Rio journalists are kept waiting for their Olympic fees

Hundreds of professional sports journalists, many of them members of the SJA, were still waiting for payment for a month or more’s work in Rio for the Olympic News Service more than eight weeks after the flame was extinguished in Rio de Janeiro.

Rio 2016 Olympic logoSome journalists are owed up to £5,000 for their time working in Brazil on the build-up to and throughout the Olympic Games, over the course of six to eight weeks.

Sports journalists hired by international or national sports federations have tended not to be affected by the slow payments, caused by the Rio 2016 organisers’ financial crisis and delays in funding being recieved from national and city authorities.

Rio organisers were forced to scale back some elements of the 2016 Paralympics in September because of shortfalls in funding.

The organisers are promising to honour their debts to ONS workers by the end of 2016, though the delays in paying the ONS staff has caused considerable problems for some individuals.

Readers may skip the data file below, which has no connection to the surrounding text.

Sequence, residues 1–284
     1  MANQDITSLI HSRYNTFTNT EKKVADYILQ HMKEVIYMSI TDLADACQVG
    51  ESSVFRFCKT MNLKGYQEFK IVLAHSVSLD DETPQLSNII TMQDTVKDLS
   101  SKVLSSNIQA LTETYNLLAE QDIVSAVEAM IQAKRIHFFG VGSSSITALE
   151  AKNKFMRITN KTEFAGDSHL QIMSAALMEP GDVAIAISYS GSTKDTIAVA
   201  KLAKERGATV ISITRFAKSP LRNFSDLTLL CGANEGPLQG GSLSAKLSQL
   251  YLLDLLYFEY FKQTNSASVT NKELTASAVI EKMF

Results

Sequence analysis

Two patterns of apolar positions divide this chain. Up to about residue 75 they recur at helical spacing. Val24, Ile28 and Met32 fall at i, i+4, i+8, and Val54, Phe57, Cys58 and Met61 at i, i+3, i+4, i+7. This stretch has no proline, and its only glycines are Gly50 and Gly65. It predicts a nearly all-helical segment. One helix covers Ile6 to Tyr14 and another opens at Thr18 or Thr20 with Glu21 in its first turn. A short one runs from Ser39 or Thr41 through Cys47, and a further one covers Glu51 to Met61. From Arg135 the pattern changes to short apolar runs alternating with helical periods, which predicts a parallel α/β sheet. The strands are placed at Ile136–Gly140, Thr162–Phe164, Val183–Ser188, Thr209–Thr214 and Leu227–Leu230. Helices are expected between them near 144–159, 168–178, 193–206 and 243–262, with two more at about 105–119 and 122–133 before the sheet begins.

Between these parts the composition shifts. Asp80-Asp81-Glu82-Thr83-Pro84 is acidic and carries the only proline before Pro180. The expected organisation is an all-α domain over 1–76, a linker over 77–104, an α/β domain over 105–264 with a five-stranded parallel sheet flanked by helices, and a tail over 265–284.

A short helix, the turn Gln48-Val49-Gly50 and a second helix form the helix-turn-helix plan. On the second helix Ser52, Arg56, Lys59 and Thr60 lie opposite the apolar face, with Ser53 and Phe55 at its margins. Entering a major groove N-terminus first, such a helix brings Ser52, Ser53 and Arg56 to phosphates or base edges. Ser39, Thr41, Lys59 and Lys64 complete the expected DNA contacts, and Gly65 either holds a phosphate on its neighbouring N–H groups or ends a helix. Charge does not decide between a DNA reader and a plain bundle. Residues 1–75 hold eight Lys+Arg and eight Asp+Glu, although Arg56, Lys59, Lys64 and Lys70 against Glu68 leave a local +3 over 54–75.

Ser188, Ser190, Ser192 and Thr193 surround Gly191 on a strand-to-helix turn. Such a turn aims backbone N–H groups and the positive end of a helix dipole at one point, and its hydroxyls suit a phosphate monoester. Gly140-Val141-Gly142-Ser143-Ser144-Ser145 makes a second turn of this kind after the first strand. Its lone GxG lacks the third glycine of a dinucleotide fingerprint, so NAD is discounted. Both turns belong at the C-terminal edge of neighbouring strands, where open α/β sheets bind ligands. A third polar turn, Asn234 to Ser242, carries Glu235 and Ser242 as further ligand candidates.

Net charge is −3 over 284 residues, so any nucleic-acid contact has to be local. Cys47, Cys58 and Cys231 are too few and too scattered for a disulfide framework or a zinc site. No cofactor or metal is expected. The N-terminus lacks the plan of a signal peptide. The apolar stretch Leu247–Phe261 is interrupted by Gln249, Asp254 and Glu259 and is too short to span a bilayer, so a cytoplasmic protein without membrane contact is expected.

A month-long strike in the Brazilian banking sector, which ended in early October, has offered a convenient scapegoat for the Rio Games organisers.

“There is no question that everybody will get paid,” Mario Andrada, the Rio 2016 director of communications, said. “There is no chance in the universe that they will not.”

“There is no question that everybody will get paid. There is no chance in the universe that they will not.”

The Rio 2016 organisers have denied reports that they are facing insolvency, leaving hundreds of unpaid staff facing the possibility that they will go unpaid.

In a letter sent to ONS workers earlier in the month, journalists were told that payments would begin to be processed on October 14, a week after the conclusion of the strike. More than a week later, however, and several ONS workers reported that they were still awaiting a payment.

“I think this is totally not acceptable but unfortunately I find myself unable to do anything but fight for all of you – and you can be sure I will keep fighting,” a senior Rio 2016 official wrote in the letter.